And of course this is all in good conversation and discussion. No hostility intended what-so-ever!!

Henry David Thoreau (Fearless Blue)

Thursday, June 5, 2008 - 05:33 am Click here to edit this post
Serp, I think most people agree on most things, and it's the differences that make for interesting conv ... though there is always someone who seems intelligent, yet sees the world in an entirely different way ... and who's probably thinking the same about you. Anyway, all in good conversation as you say, and it's a nice counterpoint to the hard work of building up a military able to lay waste to entire nations.

Quetzalcoatl God of War (Little Upsilon)

Thursday, June 5, 2008 - 06:18 am Click here to edit this post
I find it odd Christianity is a man made religion about Christ...Not the message he preached.

1. Christ said specifically he came not to abolish the law but to fufil it. Most religions never acknowledge this. The standard reply is "The Law was nailed to the cross". If I commit a crime or in this case dont commit a crime and pay my debt to society does that abolish the law for everyone else?

2. Christs message to the world was not about sin or salvation. Christ preached the Kingdom of God. He commanded his disciples to preach the same message.

3. Christ never called the World to salvation. He stated No man comes to me but the Father draws him. This contradicts the basic philosophy of religion today. If Christ is calling everyone to salvation he is doing a horrible job at it.

4. Christ confirms the truth in Death. The wages of sin are Death. He makes no mention of an enternity in Hell. The other biblical mentions of an afterlife are the same. Dead is dead. You hear, feel, or know nothing. Every one who has ever lived will be resurrected and will account for their lives good or bad and be judged accordingly. But no one is condemmned. No eternity in Hell. No Devil poking you with a pitchfork. No heaven. Just a paradise on Earth full of Muslims, Mormons, Shintoists, Jews, and athiests :)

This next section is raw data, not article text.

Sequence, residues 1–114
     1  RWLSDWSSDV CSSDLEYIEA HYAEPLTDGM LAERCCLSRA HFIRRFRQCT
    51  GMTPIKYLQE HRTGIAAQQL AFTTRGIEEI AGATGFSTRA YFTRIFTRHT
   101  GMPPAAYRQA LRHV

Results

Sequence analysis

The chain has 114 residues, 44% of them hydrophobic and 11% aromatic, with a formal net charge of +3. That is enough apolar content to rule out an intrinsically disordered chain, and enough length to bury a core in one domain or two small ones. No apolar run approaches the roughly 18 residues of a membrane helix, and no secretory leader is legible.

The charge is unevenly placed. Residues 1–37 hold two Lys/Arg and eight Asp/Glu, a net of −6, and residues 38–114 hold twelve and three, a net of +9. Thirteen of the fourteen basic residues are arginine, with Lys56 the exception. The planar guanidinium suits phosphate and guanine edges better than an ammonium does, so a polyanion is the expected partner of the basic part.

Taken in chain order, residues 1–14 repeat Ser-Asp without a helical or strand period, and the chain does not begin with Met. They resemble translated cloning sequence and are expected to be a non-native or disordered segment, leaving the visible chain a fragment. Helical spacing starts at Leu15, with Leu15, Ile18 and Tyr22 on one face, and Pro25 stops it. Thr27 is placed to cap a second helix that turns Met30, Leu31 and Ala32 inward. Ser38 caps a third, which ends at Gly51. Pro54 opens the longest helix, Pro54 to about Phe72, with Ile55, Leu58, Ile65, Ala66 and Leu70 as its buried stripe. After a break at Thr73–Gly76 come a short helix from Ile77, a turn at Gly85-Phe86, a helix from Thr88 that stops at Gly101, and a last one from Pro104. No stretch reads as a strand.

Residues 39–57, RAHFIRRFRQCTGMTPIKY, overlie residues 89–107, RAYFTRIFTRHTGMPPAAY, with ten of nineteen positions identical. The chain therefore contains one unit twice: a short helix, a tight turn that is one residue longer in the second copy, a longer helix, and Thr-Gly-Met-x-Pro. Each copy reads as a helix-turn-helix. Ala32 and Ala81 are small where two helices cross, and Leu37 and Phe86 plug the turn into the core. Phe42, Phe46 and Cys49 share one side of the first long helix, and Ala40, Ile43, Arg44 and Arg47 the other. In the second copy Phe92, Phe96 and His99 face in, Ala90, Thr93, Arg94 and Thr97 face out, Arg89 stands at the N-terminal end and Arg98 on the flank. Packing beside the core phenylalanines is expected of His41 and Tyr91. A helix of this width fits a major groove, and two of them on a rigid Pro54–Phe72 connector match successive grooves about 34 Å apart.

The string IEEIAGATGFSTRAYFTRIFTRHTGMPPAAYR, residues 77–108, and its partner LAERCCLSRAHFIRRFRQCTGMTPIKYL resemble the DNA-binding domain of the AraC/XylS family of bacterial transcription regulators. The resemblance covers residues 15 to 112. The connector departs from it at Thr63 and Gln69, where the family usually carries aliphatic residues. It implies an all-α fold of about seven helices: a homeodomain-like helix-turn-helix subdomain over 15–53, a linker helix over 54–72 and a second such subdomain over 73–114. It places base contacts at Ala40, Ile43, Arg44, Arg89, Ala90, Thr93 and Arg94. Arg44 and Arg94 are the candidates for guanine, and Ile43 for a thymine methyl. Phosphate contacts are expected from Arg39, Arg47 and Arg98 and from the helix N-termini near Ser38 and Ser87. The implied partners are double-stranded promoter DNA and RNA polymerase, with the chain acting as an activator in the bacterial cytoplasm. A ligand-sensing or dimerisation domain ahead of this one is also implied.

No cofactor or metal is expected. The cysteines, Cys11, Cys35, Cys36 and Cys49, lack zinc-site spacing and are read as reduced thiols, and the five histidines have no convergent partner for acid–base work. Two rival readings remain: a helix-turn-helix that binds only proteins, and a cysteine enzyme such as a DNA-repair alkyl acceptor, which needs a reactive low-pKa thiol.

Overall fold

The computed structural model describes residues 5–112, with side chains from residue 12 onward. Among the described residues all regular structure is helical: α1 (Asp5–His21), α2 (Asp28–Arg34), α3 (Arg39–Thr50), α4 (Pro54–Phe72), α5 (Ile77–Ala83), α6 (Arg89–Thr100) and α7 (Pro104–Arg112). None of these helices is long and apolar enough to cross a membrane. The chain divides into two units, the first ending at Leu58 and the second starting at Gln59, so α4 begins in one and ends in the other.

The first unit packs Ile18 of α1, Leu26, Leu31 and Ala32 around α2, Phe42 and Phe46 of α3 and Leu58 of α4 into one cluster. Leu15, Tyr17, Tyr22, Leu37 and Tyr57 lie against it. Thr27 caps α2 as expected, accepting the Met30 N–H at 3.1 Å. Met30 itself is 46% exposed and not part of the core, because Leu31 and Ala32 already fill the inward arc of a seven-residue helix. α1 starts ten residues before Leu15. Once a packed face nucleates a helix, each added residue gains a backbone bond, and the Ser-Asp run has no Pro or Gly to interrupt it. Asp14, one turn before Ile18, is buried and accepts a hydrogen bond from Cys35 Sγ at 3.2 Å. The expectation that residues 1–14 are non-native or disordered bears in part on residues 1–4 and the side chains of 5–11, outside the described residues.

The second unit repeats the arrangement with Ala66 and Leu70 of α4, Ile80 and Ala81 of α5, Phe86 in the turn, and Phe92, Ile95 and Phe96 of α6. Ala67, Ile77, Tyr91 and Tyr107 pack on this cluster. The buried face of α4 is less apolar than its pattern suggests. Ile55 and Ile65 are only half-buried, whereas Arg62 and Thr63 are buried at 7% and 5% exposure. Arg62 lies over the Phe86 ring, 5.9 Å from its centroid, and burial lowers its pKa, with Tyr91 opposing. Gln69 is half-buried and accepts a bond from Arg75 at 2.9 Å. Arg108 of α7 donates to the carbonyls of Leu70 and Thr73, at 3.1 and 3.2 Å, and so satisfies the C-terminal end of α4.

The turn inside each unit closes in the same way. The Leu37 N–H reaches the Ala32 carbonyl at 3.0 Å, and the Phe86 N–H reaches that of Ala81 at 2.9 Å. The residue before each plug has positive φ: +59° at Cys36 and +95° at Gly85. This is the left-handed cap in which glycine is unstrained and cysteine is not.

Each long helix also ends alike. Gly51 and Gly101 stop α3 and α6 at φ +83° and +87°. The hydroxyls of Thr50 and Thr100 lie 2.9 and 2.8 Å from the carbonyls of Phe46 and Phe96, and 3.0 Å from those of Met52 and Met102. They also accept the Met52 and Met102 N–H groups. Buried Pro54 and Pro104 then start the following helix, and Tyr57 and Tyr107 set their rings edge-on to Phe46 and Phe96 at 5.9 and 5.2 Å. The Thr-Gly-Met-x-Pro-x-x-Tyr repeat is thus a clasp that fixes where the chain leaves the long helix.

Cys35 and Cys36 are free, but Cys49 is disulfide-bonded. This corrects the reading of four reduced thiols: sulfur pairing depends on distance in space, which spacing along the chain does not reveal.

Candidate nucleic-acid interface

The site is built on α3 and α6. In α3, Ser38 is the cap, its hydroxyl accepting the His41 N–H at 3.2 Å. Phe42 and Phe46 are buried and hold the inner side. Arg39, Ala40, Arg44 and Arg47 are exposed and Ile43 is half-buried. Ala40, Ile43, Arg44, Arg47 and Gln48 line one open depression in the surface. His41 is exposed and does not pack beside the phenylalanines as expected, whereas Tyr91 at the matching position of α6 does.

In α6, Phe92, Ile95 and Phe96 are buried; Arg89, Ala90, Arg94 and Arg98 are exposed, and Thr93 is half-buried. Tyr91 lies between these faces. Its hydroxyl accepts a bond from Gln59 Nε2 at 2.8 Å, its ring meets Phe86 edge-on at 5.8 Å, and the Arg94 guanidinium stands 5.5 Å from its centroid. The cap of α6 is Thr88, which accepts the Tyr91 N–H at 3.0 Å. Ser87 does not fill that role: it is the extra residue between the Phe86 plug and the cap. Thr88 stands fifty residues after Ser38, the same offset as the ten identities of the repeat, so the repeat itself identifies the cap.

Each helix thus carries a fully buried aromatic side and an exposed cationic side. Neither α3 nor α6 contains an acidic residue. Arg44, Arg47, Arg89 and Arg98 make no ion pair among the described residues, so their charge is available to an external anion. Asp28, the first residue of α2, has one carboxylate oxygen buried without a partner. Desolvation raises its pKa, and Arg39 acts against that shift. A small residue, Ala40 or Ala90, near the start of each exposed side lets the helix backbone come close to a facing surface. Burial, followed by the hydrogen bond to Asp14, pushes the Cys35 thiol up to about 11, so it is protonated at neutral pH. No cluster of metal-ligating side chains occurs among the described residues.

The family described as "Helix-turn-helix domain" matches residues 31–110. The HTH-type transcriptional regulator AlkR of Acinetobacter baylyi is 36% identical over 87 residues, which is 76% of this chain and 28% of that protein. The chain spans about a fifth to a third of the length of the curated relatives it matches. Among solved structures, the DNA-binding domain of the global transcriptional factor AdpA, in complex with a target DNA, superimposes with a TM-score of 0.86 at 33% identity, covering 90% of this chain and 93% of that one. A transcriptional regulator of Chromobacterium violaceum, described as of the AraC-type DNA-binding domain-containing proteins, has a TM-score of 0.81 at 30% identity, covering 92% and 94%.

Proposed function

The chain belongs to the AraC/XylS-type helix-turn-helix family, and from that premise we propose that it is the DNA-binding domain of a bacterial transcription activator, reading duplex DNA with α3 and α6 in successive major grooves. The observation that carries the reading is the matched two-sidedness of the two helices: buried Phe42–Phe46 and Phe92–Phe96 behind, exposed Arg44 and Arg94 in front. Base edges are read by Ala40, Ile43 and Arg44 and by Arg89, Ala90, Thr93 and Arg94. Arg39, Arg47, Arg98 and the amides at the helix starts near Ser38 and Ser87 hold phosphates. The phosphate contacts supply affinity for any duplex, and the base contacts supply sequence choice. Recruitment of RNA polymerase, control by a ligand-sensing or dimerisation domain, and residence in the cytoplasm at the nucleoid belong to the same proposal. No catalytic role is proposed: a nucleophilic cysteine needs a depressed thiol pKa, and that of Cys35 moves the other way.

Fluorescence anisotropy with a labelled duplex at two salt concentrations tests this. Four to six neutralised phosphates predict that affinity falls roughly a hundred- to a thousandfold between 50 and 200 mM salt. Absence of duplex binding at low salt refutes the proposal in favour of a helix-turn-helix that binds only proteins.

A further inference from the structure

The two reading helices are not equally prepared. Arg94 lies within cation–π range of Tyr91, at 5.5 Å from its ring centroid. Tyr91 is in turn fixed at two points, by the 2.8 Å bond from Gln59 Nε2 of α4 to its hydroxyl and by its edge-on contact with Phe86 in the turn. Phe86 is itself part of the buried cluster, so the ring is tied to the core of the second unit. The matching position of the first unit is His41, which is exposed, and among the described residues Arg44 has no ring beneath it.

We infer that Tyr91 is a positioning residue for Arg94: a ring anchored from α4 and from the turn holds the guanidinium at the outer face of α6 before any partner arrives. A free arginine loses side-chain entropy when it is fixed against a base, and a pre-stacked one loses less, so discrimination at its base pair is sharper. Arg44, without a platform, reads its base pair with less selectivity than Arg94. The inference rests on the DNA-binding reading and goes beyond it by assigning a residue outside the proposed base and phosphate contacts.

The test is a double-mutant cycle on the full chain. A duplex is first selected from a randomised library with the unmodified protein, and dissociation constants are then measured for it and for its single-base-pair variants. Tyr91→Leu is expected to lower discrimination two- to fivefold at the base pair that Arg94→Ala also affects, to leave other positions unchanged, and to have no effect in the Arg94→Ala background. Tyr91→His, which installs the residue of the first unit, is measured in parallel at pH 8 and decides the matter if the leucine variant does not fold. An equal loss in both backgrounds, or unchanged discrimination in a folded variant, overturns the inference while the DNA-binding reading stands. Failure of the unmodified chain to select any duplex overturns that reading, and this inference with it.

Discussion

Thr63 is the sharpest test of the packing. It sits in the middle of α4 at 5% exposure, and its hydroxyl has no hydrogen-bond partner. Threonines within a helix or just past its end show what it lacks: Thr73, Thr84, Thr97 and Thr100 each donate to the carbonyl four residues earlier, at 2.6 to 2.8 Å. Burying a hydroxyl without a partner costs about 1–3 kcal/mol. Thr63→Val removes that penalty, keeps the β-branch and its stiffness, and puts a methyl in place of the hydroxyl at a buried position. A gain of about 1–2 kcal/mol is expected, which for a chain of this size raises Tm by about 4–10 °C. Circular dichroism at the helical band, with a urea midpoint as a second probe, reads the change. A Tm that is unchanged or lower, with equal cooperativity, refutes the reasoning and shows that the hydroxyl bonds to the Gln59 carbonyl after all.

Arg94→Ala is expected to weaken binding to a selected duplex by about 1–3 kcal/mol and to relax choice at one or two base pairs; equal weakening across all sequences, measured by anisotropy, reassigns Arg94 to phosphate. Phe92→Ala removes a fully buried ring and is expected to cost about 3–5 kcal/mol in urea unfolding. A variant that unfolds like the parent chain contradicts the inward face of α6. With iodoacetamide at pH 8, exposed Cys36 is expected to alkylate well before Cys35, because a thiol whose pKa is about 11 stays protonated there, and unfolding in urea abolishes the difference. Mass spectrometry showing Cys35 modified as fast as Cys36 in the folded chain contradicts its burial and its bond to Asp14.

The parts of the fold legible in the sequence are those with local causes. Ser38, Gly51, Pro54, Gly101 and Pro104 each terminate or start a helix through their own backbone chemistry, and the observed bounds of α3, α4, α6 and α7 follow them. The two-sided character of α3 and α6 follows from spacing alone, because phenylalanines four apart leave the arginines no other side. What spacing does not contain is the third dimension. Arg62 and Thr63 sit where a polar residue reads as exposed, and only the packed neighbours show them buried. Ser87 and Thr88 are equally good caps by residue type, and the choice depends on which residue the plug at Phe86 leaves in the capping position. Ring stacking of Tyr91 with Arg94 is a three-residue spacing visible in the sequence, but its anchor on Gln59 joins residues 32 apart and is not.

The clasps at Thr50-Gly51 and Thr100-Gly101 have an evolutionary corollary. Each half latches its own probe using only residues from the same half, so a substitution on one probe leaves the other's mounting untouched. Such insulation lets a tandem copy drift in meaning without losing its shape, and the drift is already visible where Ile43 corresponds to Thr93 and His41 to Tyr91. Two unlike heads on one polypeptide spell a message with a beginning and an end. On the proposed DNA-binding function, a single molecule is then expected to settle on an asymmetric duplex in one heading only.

I just find it odd so many claim Christ without even knowing what his message was.

Serpent (White Giant)

Thursday, June 5, 2008 - 07:23 am Click here to edit this post
Sam you are correct. Just to add to your points:
1. The 'Law' that was fulfilled was the Mosaic law that of course included the ten commandment, but also included many statutes, over 600 of them. This written code regulated the realms of worship, government, morals, justice, even diet and hygiene. It also had laws about animal sacrifices. The obligation to follow those laws word by word did in fact die when Jesus was killed, but He gave a new law. A law motivated by love. In fact at Romans chapt 13 particularly verse 8-10 it even says love is the laws fulfillment. So the principles that are in that law do still apply.

2. At Mt.28:19,20 Jesus talking, commanded his disciple to do that very thing. At Mt 20:28 although it says that Jesus came to be a ransom, notice what it says first as to why he minister!

3.Sam quoted John 6:44. Although at John 14:6 Jesus also said that No one comes to the Father except through me. So of course Jesus is key to having a relationship with God.

4.Rom 6:23 does say the wages sin pays is death. Ecc 9:5 says the dead are conscious of nothing at all. So dead is dead. Everlasting life was never promised to unrepentant sinners. The whole chapt of Psalms 37 several time mention that the meek will inherit the earth. In fact Isa 45:18 says what the reason the earth was even created. And Ecc 1:4 says how long the earth will be here.

Most ppl who claim to be Christian know the 'Lords Prayer' at Mt chapt 6. There Jesus gave a model for ppl to follow when they pray. First thing was for his fathers name to be hallowed, or sanctified(made holy), the second thing was for his kingdom to come. So I agree 100% to claim to be a Christian you need to know what his message was.

Sun Tzu (Golden Rainbow)

Thursday, June 5, 2008 - 10:12 am Click here to edit this post
Goly gee, Jesus is one cool dude!

Sarcasm aside, the trouble is that the bible is actually very complex. Consider that it begins with God doing stuff, then has a whole period of time where it goes off having a bunch of people doing stuff, then Jesus comes in and tries to clear things up. There will always be a moral grey area. However, you can be sure that following the Ten Commandments, and following most of what Jesus said you will probably be fine. Fact is, there are very few instances where an important theological law wouldn't be obvious to someone with any regard for their fellow man.